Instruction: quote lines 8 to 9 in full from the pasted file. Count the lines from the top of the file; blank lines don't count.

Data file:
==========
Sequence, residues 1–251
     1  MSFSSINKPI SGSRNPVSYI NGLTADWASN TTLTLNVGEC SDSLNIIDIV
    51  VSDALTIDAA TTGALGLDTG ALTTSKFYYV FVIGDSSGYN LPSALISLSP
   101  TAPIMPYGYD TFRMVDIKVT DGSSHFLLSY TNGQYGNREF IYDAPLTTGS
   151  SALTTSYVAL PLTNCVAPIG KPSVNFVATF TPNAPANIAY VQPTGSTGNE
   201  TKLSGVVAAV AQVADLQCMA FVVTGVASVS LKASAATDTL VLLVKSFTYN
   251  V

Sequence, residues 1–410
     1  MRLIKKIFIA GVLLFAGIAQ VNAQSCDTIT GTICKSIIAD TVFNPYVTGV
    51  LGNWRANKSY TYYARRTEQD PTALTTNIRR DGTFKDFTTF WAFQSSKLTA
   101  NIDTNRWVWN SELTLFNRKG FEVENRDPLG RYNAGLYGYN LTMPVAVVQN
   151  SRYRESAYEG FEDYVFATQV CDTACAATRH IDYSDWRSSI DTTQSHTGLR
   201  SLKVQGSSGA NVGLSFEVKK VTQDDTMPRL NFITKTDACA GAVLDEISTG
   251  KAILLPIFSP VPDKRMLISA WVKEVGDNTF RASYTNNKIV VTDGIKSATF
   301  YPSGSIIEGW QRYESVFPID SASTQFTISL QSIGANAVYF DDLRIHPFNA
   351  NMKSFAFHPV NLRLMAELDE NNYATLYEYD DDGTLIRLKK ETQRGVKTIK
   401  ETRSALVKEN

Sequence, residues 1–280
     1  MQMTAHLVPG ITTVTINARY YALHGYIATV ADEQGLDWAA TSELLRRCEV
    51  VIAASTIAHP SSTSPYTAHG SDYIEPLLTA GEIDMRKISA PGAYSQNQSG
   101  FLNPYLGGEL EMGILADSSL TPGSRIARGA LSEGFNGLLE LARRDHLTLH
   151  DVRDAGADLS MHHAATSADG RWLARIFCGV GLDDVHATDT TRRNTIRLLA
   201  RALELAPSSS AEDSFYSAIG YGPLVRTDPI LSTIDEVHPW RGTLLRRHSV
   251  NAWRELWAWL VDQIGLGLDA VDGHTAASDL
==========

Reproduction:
Sequence, residues 1–410
     1  MRLIKKIFIA GVLLFAGIAQ VNAQSCDTIT GTICKSIIAD TVFNPYVTGV